Here comes the tedious part of this post. This is where I decide that y’all need some of the all-important background.

The last decade was not a good one for me. I don’t even know what you call that friggin’ decade. The Zeros? The Aughts? The 2000s? No matter how you slice it the decade sucked. I find it no small coincidence that it was the decade of George W. Bush. The 2000s were, by far, the worst decade of my miserable life.

The decade started off for me by staying up all night in November 2000 and still not knowing who had been elected president. That was weird.

Then, in early 2001, I decided to move from the big city to a small town. I was tired of the rat race and enamored with a concept known as “voluntary simplicity.” I wanted to embrace a slower and different kind of living. Never in my life had I ever had trouble getting a job. I assumed I’d show up and quickly find work. I assumed wrong.

The local newspaper had very few job listings and none in my chosen field of professional jerk off. I was going to have to compromise.

After months of looking, I had a hot lead. It was a part-time job paying close to minimum wage that offered absolutely no benefits. Yah!

The day of my interview was Sept. 11, 2001. I kid you not. My wife stirred me out of bed and we spent the morning glued to our television and watching the towers fall. After that, things were a little unclear. Was I still supposed to show up for my job interview? I did, I was hired on the spot, and my fate was sealed.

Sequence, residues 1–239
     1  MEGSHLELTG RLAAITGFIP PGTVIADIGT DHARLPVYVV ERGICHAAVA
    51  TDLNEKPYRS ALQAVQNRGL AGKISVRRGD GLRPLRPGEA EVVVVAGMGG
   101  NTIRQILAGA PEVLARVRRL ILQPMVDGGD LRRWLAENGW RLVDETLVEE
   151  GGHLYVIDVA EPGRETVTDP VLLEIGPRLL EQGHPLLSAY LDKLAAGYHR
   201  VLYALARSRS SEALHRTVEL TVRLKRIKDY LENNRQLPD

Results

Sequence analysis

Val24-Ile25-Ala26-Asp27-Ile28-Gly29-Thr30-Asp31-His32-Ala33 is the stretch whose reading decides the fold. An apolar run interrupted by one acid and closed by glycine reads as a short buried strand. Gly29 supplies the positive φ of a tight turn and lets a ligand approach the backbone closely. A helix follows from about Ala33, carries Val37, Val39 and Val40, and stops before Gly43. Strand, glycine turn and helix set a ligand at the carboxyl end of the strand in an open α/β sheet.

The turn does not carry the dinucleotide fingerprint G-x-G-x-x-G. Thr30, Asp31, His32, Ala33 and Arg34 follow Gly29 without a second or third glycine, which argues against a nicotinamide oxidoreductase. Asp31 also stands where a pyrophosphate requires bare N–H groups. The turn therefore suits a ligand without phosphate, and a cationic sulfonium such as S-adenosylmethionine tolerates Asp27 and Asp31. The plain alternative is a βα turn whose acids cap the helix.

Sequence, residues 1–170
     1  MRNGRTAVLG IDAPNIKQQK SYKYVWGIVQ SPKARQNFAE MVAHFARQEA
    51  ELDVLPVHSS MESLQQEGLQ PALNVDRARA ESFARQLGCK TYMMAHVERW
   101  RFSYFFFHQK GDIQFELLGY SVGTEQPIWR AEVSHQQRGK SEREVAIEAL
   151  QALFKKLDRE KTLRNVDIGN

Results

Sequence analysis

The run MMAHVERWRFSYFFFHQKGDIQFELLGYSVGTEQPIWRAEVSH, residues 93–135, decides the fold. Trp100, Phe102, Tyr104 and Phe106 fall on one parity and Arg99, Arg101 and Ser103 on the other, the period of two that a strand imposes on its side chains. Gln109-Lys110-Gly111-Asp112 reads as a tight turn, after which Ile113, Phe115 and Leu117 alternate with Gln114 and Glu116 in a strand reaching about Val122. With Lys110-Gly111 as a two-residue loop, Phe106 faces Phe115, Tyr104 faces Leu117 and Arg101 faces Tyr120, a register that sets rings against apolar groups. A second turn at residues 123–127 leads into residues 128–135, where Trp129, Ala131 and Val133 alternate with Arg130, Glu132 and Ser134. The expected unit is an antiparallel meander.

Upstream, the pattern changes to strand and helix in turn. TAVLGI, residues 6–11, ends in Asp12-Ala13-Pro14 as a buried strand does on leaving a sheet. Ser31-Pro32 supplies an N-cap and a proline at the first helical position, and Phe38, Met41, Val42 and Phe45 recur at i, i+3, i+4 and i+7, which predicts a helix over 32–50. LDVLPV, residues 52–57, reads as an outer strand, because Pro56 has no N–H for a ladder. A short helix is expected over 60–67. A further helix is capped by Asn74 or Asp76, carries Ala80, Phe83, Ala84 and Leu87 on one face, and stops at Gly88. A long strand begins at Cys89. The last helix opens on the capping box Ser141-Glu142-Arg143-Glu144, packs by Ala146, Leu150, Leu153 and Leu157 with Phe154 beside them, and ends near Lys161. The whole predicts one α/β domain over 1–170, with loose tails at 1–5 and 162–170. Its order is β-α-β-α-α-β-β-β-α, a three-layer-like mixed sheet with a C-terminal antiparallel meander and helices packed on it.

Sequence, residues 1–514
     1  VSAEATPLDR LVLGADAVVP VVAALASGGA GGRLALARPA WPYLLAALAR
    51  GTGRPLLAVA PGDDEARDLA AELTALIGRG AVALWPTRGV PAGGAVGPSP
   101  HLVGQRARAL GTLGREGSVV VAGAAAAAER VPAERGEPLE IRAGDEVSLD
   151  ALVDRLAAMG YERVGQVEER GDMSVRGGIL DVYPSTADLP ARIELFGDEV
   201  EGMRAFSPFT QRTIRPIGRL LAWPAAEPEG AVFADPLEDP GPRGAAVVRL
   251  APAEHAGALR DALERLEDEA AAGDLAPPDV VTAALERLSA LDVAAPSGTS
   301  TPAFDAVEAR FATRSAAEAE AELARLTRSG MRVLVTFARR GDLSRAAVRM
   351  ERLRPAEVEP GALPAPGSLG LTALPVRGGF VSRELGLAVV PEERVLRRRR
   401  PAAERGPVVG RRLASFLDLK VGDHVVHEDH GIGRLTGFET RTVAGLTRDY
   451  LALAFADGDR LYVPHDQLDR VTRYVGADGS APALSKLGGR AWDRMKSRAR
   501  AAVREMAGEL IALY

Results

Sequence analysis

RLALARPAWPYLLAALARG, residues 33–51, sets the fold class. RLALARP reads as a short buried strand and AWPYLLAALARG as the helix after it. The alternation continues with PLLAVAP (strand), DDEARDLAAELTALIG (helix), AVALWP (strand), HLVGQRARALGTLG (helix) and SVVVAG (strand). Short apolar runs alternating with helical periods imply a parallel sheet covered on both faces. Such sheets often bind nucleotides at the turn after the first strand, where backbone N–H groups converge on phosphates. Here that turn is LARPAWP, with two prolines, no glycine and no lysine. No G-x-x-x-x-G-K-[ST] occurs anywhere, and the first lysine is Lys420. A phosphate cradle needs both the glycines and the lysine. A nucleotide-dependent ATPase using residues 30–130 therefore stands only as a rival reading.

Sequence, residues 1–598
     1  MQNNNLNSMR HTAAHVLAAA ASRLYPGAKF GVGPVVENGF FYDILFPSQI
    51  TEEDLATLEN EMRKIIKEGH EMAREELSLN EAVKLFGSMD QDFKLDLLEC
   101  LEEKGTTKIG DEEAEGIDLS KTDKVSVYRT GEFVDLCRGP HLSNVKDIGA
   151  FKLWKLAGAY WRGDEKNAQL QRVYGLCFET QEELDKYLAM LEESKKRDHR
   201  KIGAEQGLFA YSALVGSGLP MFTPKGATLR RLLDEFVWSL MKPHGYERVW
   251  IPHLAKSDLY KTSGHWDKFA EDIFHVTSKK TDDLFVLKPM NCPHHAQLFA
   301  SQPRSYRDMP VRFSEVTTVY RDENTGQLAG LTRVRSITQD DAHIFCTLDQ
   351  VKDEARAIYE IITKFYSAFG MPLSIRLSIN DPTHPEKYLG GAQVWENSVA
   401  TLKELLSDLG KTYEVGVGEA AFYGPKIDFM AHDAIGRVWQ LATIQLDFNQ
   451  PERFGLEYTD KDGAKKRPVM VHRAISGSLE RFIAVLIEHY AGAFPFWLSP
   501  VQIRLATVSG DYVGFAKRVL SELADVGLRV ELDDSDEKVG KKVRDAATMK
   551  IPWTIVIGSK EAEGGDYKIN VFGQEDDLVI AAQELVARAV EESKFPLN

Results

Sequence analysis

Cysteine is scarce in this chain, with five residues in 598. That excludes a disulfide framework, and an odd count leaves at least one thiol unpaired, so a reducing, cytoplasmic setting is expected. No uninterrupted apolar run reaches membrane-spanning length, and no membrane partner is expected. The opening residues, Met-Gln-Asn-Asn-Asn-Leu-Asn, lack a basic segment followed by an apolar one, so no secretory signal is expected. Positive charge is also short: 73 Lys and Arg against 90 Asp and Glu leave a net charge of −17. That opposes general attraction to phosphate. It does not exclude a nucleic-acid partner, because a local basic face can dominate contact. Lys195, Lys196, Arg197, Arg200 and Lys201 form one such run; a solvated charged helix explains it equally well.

This was my first job in my new small town. It consisted of retail sales, customer service on the phone, handling tedious price quotes and lots of other shit duty that the boss called “hats” and I hated every fucking minute of it.

I did that for about five years when I happened to meet the guy who would later become my new boss. He was paying a lot of money for me, through another company that sold my services, to work on his web site as a contractor. As the project wrapped up, we both realized that making me an employee could be a win-win. He’d get me a lot cheaper and I’d finally have a job doing something I enjoyed. We made the deal. He made me an offer, I accepted, and I quit my existing job.

I’ve told this part of the story before, but I love it so much I’ll share it again. Once I was in between jobs and fully committed and past the point of no return, my new boss had me stop by, on my own time, for a “tour” of his operation. That so-called “tour” turned out to be a full day training session. What was I trained on? Retail sales, working the floor and the cash register, the multi-line phone system, and, of course, the minutia of his shitty little line of widgets. There was absolutely nothing said about working on his web sites.